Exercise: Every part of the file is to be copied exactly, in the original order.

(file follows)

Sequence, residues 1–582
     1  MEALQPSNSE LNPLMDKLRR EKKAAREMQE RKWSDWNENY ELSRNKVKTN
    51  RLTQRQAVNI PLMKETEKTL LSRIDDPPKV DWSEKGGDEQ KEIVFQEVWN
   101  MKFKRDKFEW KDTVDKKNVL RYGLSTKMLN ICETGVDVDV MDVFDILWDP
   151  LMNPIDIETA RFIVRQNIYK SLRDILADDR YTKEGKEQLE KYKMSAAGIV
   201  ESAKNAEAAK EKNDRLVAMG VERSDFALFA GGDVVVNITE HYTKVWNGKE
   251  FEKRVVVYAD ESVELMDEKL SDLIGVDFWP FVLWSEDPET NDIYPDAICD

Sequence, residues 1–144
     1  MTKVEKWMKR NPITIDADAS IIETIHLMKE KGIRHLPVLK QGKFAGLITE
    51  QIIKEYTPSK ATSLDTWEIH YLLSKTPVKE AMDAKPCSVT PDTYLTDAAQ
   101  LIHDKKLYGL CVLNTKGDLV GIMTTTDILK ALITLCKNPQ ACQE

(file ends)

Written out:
Sequence, residues 1–582
     1  MEALQPSNSE LNPLMDKLRR EKKAAREMQE RKWSDWNENY ELSRNKVKTN
    51  RLTQRQAVNI PLMKETEKTL LSRIDDPPKV DWSEKGGDEQ KEIVFQEVWN
   101  MKFKRDKFEW KDTVDKKNVL RYGLSTKMLN ICETGVDVDV MDVFDILWDP
   151  LMNPIDIETA RFIVRQNIYK SLRDILADDR YTKEGKEQLE KYKMSAAGIV
   201  ESAKNAEAAK EKNDRLVAMG VERSDFALFA GGDVVVNITE HYTKVWNGKE
   251  FEKRVVVYAD ESVELMDEKL SDLIGVDFWP FVLWSEDPET NDIYPDAICD

Sequence, residues 1–144
     1  MTKVEKWMKR NPITIDADAS IIETIHLMKE KGIRHLPVLK QGKFAGLITE
    51  QIIKEYTPSK ATSLDTWEIH YLLSKTPVKE AMDAKPCSVT PDTYLTDAAQ
   101  LIHDKKLYGL CVLNTKGDLV GIMTTTDILK ALITLCKNPQ ACQE